On August 4, 2008, the Associated Press reported that jetBlue would replace their recycled pillows and blankets with an "eco-friendly" pillow and blanket package that passengers would have to purchase for use. Each package will cost $7 and will include a $5 coupon from retailer Bed, Bath and Beyond. This decision is the latest in a series of moves designed to increase revenue. jetBlue told the Associated Press that it expects to collect $40 million from passengers selecting seats with extra legroom and $20 million from passengers paying $15 to check a second bag. As of September 8, 2008 JetBlue charges passengers $10–30 for an extended-leg-room seat depending on the length of the flight.[37]
After making a codeshare agreement with Lufthansa that went into effect in 2010, jetBlue transitioned to the Sabre reservation system used by Lufthansa,[107] enabling the airlines to sell tickets on each other's flights, transfer luggage and passengers between the two carriers, and combine frequent flyer programs,.[108] By making use of JetBlue's North America routes as a feeder network, the agreement put Lufthansa in a position to operate quasi-hubs in New York–JFK and Boston Logan.

JetBlue Technology Ventures (JTV) [137] is a wholly owned subsidiary of JetBlue that was established in February 2016.[138] JTV is the venture capital arm of JetBlue that invests in and partners with early-stage startups in the travel, hospitality, and transportation space. Its mission is to improve the end-to-end experience of travelers everywhere. As of November 2018, JTV has invested in 21 startups, including hybrid planes,[139] machine learning algorithms,[140] and ground transportation.[141] Investments range in size from $250,000 to $1 million.[142]
September 21, 2005: Flight 292 en route from Burbank, California, to New York City performed an emergency landing at Los Angeles International Airport (pictured on the right) following a failure of the front landing gear during retraction when it turned 90 degrees. The plane landed after holding for about three hours to burn fuel and therefore lighten the aircraft. The aircraft came to a stop without incident on runway 25L, the second-longest runway at LAX. The only apparent damage to the plane upon landing was the destruction of the front wheels, which were ground down to almost semicircles, and the tires; the front landing strut held. The passengers were unable to see themselves landing despite the DirecTV service in each seat, as they were instructed to brace.[147] 

6. Get credit or refunds for hotel price drops. If you find a lower price on Travelocity or a competitor site two or more days before your scheduled hotel check-in date, Travelocity will refund or credit you the difference. As with flight price drops, you’ll also receive a $50 coupon for a future hotel or hotel + flight package valued at $100 or more. To file a claim, fill out a Travelocity Price Guarantee application within two days after booking the hotel.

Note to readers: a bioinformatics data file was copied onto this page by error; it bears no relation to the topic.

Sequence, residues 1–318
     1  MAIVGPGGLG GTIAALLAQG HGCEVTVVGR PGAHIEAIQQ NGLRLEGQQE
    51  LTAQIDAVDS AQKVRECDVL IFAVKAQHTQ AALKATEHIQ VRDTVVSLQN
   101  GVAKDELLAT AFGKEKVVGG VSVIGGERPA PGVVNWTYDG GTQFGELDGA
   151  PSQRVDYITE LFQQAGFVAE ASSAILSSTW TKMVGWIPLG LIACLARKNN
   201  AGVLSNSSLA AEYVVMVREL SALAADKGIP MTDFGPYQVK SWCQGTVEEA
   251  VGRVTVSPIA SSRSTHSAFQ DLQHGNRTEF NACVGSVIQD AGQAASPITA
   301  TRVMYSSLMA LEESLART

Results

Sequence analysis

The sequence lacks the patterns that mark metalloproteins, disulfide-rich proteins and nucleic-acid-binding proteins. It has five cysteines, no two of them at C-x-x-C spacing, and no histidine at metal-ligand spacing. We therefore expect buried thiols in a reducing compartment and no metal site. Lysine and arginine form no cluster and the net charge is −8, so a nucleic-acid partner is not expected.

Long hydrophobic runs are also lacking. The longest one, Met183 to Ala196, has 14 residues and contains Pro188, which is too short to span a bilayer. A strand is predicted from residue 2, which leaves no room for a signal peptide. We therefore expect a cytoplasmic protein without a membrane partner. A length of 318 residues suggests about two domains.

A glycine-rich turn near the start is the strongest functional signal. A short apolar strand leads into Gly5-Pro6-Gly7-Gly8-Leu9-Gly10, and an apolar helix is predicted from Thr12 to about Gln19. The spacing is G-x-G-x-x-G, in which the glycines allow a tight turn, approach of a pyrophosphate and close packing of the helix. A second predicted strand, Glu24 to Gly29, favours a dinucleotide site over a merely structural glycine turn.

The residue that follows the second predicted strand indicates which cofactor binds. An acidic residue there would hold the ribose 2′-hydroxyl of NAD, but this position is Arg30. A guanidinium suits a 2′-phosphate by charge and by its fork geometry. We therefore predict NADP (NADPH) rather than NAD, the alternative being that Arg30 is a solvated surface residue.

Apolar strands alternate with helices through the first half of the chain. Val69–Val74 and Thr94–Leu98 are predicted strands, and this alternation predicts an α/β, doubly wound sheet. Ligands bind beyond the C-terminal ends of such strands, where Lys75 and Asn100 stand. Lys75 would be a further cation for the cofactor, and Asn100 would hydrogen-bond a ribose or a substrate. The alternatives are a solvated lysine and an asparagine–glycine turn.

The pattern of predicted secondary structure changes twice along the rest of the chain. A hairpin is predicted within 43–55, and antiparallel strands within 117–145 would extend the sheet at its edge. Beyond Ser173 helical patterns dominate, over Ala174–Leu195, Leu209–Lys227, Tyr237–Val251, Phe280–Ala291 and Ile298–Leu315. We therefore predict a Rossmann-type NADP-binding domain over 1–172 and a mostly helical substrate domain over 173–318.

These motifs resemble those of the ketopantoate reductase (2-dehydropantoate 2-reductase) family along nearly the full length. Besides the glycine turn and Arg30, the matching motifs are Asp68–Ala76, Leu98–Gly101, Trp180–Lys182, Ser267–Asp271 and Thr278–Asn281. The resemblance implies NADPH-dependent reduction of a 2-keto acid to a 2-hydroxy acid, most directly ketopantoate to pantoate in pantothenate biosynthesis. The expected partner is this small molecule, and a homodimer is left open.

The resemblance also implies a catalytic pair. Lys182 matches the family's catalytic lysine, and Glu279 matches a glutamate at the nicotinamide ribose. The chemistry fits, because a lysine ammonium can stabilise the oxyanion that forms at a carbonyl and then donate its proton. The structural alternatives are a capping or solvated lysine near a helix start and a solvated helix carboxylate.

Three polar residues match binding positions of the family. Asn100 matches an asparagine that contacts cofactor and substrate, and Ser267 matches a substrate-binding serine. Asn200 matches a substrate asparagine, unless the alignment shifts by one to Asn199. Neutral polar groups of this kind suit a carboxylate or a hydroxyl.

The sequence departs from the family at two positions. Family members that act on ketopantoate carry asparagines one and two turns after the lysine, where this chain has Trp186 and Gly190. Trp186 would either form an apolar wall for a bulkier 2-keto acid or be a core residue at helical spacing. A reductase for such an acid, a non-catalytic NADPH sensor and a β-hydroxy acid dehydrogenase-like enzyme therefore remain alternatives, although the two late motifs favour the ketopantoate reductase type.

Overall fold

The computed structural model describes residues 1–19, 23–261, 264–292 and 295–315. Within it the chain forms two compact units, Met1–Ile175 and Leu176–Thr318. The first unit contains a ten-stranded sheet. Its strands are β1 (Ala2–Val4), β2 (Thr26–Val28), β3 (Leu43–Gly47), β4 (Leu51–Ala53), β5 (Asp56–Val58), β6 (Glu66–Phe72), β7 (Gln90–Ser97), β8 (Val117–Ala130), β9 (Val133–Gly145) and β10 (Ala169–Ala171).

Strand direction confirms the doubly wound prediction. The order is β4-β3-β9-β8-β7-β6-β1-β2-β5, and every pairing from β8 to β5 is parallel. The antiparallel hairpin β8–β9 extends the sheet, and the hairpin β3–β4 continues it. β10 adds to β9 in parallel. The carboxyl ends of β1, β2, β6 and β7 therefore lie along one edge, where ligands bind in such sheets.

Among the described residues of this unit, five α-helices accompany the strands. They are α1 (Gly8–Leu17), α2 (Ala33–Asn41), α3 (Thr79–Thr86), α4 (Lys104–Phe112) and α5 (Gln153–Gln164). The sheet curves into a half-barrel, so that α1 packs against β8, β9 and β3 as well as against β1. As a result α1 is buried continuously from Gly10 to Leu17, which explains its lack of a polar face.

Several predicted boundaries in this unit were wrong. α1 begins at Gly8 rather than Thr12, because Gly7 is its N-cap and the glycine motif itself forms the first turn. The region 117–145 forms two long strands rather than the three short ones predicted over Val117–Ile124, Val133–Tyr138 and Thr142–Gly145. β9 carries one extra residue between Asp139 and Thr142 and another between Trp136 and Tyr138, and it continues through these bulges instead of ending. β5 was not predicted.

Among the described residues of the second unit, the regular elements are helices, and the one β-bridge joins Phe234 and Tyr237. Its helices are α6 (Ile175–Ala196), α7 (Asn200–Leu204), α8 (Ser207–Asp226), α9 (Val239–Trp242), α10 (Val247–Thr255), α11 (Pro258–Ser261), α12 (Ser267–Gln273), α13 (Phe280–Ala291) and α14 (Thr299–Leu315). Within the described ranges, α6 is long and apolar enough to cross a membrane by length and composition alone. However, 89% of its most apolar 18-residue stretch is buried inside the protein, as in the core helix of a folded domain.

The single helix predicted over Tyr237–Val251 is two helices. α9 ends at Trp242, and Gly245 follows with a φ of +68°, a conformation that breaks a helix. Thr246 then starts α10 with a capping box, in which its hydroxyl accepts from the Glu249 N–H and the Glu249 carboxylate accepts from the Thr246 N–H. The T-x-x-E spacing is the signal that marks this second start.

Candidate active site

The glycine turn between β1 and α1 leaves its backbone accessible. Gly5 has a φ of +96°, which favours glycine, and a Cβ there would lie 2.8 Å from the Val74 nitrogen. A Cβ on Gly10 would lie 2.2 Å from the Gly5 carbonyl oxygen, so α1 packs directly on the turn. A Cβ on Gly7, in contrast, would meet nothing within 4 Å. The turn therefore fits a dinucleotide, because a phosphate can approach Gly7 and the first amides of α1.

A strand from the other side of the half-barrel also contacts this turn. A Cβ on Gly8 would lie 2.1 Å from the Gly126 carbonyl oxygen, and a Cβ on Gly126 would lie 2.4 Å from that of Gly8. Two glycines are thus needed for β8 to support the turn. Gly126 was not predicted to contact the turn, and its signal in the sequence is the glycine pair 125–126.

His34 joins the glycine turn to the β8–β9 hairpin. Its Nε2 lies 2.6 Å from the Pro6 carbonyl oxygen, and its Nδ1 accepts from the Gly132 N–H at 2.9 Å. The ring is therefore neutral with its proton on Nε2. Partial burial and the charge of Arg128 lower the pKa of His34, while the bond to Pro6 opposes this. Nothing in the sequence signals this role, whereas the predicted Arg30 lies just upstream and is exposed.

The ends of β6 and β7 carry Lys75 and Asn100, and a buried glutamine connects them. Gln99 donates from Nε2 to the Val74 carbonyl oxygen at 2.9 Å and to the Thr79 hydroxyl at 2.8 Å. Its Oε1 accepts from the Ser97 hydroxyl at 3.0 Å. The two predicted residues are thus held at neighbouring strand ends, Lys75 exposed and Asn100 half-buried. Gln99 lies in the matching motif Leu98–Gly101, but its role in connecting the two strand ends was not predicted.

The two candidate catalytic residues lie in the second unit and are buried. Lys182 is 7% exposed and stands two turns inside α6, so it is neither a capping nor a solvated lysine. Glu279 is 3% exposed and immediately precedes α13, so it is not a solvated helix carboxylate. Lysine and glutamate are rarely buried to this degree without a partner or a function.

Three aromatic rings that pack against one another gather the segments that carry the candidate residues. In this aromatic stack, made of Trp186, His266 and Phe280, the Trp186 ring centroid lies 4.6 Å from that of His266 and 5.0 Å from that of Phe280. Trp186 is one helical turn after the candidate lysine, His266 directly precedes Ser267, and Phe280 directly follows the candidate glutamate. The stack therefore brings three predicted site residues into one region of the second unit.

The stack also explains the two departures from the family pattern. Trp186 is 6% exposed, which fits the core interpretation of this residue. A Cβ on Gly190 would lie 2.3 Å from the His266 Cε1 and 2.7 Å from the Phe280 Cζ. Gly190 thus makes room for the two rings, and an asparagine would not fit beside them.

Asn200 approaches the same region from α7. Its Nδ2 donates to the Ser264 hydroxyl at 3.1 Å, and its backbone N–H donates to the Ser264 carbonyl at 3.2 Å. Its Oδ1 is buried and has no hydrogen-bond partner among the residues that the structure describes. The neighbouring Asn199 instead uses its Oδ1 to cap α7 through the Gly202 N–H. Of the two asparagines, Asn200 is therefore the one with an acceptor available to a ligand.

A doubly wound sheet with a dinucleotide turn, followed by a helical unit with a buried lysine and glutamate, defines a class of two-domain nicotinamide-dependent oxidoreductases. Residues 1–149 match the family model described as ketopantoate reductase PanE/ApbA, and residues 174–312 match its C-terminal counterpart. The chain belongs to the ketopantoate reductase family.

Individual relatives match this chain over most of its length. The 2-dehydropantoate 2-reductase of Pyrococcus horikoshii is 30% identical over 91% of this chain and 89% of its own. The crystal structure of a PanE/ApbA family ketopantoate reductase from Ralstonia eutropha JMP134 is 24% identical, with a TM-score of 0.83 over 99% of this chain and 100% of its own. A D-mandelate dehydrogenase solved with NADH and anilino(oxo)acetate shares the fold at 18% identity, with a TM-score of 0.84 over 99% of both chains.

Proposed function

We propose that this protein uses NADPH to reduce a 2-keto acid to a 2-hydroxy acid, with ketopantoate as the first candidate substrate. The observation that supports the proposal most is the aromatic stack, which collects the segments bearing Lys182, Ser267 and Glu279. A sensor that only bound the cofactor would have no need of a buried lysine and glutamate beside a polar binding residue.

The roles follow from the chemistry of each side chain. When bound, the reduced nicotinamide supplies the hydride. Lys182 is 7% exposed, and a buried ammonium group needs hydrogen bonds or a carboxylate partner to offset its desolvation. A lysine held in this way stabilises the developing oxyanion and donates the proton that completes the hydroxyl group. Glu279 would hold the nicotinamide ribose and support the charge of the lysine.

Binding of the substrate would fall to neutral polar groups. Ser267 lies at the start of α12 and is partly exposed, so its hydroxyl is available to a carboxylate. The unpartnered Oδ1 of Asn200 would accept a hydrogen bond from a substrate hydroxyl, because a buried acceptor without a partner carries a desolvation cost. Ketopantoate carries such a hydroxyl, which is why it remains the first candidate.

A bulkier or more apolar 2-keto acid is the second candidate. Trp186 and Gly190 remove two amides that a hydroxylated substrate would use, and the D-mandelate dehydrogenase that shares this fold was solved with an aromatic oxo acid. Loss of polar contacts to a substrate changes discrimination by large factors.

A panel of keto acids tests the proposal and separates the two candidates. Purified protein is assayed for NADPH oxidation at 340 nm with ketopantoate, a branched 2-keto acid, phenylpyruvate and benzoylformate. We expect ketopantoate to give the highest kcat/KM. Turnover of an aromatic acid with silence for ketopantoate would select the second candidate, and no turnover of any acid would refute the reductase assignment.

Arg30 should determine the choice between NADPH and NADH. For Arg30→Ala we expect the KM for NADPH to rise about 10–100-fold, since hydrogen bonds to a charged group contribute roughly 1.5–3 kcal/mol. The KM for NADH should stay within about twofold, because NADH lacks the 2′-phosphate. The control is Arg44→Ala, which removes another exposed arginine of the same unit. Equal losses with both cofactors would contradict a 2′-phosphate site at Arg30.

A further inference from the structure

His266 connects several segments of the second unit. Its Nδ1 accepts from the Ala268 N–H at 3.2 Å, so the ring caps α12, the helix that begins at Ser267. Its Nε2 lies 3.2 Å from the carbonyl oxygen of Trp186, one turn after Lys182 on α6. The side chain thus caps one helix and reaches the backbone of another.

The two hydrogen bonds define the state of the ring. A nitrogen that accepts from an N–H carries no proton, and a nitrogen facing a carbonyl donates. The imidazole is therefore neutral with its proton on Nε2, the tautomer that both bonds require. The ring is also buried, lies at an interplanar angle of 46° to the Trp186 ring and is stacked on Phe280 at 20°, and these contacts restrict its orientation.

6. Get credit or refunds for hotel price drops. If you find a lower price on Travelocity or a competitor site two or more days before your scheduled hotel check-in date, Travelocity will refund or credit you the difference. As with flight price drops, you’ll also receive a $50 coupon for a future hotel or hotel + flight package valued at $100 or more. To file a claim, fill out a Travelocity Price Guarantee application within two days after booking the hotel.
On October 22, 2008, jetBlue opened its new primary hub at John F. Kennedy International Airport (JFK), Terminal 5, or simply T5. The mostly new terminal, costing approximately $800 million,[41] partially encircles the historic TWA Flight Center, the former Trans World Airlines terminal designed by Eero Saarinen, which remains closed. According to the plan, passengers will eventually be able to check in for flights in the landmark building, then transfer to the new structure via the original passenger departing-arrival tubes from Saarinen's original terminal and its 1969 addition by Roche-Dinkeloo.[42]
JetBlue Technology Ventures (JTV) [137] is a wholly owned subsidiary of JetBlue that was established in February 2016.[138] JTV is the venture capital arm of JetBlue that invests in and partners with early-stage startups in the travel, hospitality, and transportation space. Its mission is to improve the end-to-end experience of travelers everywhere. As of November 2018, JTV has invested in 21 startups, including hybrid planes,[139] machine learning algorithms,[140] and ground transportation.[141] Investments range in size from $250,000 to $1 million.[142]
For many years, analysts had predicted that jetBlue's growth rate would become unsustainable. Despite this, the airline continued to add planes and routes to the fleet at a brisk pace. In addition in 2006, the IAM (International Association of Machinists) attempted to unionize JetBlue's "ramp service workers", in a move that was described by JetBlue's COO Dave Barger as "pretty hypocritical", as the IAM opposed jetBlue's creation when it was founded as New Air in 1998. The union organizing petition was dismissed by the National Mediation Board because fewer than 35 percent of eligible employees supported an election.[citation needed]
×